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College of Law announces Ada Lois Sipuel Fisher endowed chair position at 70th anniversary event

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Sipuel Fisher Event (copy)

Charlene Factory and Bruce Fisher, the children of Ada Lois Sipuel Fisher, talk with interim OU Law Dean Katheleen Guzman at an event at the College of Law Sept. 25.

The OU College of Law will create an endowed chair position in honor of the first black OU Law graduate Ada Lois Sipuel Fisher, as announced at an event commemorating the 70th anniversary of her admission.

The College of Law held a discussion with Sipuel Fisher’s children on Wednesday to celebrate her activism as a part of programming for Civil Rights Week. 

At the event, associate law professor Melissa Mortazavi announced the new endowment would be to honor Sipuel Fisher’s “spirit, her impact and her commitment to social justice.” She also requested donations for the position, which would be the first crowdsourced professorship at OU and “the first professorship in civil rights race and the law” in Oklahoma. 

“I do think that the goal of the chair is to recruit and retain and hire people of similar caliber and commitment to this area of law,” Mortazavi said. "So, often, the state legislature calls on OU law professors for advice, thoughts, consultation on subject matters. And this is an area where we could really make a difference to our students and then the faculty, and then within the state to move law in this direction.”

Mortazavi said the endowment was an idea she came up with over the summer, and she consulted with interim OU Law Dean Katheleen Guzman to make it a reality. The position will require the faculty member to teach at least half of their course load in the subjects of race and equity, and is specifically seeking those with “outstanding experience and expertise” in civil rights, Mortazavi said.

OU has not offered a general course on civil rights since 2002, Mortazavi said, and in her four years at OU, she has seen faculty of color not retained and a lack of courses challenging inequity and social injustice, so this position is meant to improve that.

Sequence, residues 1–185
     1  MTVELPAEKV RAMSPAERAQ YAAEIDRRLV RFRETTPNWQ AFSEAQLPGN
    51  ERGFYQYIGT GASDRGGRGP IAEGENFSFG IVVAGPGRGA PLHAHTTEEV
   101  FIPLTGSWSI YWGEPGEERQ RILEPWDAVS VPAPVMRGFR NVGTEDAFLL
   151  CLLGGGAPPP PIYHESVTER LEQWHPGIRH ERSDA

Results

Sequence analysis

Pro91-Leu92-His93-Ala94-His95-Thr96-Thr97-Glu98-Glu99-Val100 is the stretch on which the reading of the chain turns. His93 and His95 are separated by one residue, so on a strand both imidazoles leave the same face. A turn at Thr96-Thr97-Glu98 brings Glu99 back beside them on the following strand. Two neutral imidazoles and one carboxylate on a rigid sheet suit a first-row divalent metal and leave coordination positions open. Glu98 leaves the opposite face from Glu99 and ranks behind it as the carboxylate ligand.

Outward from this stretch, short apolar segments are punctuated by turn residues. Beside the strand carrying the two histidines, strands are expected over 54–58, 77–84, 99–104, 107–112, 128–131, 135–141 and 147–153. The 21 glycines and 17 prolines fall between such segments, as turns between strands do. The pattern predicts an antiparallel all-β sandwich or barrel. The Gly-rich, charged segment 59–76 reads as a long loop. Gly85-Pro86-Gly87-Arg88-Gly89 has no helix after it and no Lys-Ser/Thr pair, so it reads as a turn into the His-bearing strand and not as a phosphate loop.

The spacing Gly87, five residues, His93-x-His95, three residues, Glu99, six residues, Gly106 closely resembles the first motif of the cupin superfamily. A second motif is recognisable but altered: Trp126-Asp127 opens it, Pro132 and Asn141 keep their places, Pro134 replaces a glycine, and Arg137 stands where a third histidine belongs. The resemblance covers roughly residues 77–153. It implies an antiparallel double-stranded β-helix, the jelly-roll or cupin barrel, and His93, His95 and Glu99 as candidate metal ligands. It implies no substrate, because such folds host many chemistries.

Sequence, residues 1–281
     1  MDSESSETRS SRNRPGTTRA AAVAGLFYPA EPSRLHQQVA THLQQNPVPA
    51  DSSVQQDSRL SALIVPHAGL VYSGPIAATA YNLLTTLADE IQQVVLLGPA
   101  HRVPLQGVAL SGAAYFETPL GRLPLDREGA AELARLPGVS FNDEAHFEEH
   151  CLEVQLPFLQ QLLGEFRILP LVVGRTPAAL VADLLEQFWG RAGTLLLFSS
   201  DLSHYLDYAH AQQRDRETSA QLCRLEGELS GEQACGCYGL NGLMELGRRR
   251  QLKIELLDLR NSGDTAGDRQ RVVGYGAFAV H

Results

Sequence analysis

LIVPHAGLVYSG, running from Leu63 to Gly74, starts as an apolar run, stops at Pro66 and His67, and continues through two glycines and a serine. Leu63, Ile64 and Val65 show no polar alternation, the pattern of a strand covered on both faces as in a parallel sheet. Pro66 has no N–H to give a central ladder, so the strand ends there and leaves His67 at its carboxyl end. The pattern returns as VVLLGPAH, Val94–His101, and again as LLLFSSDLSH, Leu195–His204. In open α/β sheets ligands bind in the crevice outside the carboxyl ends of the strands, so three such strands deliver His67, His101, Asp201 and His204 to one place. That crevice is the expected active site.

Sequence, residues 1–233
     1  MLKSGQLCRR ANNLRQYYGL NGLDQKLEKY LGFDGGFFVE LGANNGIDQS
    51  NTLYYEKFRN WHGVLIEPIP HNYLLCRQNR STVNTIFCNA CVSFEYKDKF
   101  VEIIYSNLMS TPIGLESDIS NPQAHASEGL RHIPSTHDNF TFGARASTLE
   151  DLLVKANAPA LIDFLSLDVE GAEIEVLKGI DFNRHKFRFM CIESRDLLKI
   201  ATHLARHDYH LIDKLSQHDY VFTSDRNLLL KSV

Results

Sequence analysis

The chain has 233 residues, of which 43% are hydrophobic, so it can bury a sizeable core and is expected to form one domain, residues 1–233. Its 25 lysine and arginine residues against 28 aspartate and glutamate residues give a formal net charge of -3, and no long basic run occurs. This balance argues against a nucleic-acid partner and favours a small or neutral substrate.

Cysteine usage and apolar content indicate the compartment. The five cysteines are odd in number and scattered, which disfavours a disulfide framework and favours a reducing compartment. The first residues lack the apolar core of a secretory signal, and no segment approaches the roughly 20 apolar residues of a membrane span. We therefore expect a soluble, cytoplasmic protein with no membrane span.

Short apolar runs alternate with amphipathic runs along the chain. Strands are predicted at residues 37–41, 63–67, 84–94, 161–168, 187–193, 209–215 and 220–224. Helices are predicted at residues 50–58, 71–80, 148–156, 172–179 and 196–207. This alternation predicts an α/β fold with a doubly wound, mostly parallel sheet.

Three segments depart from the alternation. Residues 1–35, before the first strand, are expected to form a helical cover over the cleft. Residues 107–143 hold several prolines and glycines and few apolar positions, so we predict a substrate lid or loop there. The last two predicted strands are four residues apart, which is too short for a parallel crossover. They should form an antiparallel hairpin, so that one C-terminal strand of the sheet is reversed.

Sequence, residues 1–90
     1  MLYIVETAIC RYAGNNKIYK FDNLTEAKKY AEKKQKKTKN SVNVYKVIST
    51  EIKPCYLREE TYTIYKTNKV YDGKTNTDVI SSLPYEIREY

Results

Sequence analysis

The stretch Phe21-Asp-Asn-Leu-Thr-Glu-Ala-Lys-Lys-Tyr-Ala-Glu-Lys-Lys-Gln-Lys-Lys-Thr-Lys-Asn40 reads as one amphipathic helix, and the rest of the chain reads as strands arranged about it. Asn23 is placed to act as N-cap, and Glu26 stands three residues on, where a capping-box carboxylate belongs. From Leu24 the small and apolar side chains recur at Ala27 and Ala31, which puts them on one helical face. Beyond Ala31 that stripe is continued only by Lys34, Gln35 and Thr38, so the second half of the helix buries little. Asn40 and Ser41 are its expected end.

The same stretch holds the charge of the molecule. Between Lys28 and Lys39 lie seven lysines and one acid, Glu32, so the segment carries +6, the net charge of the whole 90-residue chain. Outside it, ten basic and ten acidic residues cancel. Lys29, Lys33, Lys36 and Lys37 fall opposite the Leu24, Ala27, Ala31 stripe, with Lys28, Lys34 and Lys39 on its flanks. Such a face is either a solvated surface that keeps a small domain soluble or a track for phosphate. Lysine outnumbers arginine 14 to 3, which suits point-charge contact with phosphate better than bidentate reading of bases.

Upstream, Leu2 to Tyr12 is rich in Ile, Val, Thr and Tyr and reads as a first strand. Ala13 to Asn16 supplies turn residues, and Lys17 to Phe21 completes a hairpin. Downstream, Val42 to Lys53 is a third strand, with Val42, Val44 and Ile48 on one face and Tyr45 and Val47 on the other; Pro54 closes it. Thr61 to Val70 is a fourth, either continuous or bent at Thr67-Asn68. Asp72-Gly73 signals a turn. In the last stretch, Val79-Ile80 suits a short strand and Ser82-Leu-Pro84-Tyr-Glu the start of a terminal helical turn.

“I have seen our community struggle to engage in deep informed and meaningful discourse around issues of race,” Mortazavi said. “I hear you calling for change. And I hear you still. ... I’m asking you to join me in raising money (for this position) ... in honor of a woman who didn't spend her legal career out making millions of dollars, but changing millions of lives.”

Bruce Fisher and Charlene Factory, Sipuel Fisher’s children, led a discussion for the main portion of the event on their mother’s legacy and how they were impacted by her. Fisher said they first got involved with the OU Law event several months ago, and he and Factory were shocked that it had already been 70 years.

“We just feel very honored, honored to be here to represent her with those accomplishments,” Factory said. 

Factory said she hopes events like these will continue in the future to further her mother’s legacy with students who come to OU Law, who can hopefully carry it on when they graduate. 

“I think that there's a story that a lot of people miss, and that is the story about what happened when she was admitted to the law school,” Fisher said. “If she could study and focus on education, and graduating, when she had to sit behind all the other students, in an area with a sign that would say 'colored' ... then surely, students can today when they think that times are tough for them.”

Fisher, who previously served as curator of African American History of the Oklahoma Historical Society, also said the white students who helped his mother once she was admitted can serve as an inspiration for others  as he said, this was the only civil rights case he could think of that had a massive amount of support from white students.

“Her fight was not against the University of Oklahoma, it was a fight against the state regents for higher education,” Fisher said. “The men in the law school ... they shared their books and notes with her ... and she said there’s no way she would have succeeded had it not been for them. So there’s a lot more to the story that I think should serve as an inspiration to the students at the University of Oklahoma than just her admission to law school.”

The event, although planned far in advance, fell just a few days after another blackface incident involving an OU student — the third this year involving the OU community. Factory and Fisher said they are optimistic that interim OU President Joseph Harroz will help work on the issue of racism at OU, as Factory said it is “pretty well-said throughout black communities that OU is a racist school.” 

“I don't think it's ever any time to stop (events like these), it should always be kept going,” Factory said. “Listening to your interim president the other night, I think he has intentions of doing that. And being inclusive here at the university more so than they've ever been ... So I think if you can keep it going, this (event) should have good impact on that, I hope.”

Correction: This post was updated at 1:07 p.m. Sept. 29 to reflect the correct spelling of interim OU Law Dean Katheleen Guzman's name. 

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Jordan Miller is a journalism and political science junior serving as The Daily's news managing editor. Previously she served as The Daily's spring 2019 news editor, fall 2018 assistant visual editor and was an SGA beat reporter.

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